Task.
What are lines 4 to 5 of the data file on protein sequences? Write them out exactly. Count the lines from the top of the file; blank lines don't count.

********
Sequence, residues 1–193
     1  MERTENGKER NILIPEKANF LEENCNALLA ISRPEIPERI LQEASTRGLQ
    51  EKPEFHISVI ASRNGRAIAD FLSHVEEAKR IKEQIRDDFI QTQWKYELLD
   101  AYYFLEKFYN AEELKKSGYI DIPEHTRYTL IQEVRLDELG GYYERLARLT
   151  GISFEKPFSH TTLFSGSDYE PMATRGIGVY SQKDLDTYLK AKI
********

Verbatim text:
   101  AYYFLEKFYN AEELKKSGYI DIPEHTRYTL IQEVRLDELG GYYERLARLT
   151  GISFEKPFSH TTLFSGSDYE PMATRGIGVY SQKDLDTYLK AKI